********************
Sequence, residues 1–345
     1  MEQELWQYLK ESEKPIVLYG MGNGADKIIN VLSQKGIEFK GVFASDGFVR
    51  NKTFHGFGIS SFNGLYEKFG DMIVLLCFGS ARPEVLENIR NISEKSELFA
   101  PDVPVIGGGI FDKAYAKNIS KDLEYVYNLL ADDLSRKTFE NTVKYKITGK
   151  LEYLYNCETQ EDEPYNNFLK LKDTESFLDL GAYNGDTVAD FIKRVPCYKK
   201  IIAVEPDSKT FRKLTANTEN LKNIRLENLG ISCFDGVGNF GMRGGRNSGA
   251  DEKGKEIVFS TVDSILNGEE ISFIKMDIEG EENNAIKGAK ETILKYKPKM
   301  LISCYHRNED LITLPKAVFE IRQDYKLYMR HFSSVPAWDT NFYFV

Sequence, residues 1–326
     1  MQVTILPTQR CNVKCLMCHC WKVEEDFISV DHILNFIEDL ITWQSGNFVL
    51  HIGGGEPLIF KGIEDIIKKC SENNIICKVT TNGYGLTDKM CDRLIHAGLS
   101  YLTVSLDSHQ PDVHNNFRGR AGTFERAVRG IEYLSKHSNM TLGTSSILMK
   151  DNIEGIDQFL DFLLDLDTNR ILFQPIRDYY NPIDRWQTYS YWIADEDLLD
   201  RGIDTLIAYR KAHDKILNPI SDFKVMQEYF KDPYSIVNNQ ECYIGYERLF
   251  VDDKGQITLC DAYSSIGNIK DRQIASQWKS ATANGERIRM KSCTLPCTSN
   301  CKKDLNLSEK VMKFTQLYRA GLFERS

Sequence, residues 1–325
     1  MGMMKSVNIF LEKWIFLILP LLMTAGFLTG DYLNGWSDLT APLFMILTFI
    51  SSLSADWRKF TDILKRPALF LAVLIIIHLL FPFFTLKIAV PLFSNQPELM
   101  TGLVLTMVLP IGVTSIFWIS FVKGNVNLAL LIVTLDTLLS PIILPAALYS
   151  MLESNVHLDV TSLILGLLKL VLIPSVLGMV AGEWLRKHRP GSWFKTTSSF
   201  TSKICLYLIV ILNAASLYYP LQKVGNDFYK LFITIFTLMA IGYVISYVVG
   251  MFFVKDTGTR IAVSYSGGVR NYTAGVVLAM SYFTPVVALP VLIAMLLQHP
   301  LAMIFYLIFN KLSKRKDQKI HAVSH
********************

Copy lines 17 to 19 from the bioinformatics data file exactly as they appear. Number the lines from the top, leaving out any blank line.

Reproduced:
Sequence, residues 1–325
     1  MGMMKSVNIF LEKWIFLILP LLMTAGFLTG DYLNGWSDLT APLFMILTFI
    51  SSLSADWRKF TDILKRPALF LAVLIIIHLL FPFFTLKIAV PLFSNQPELM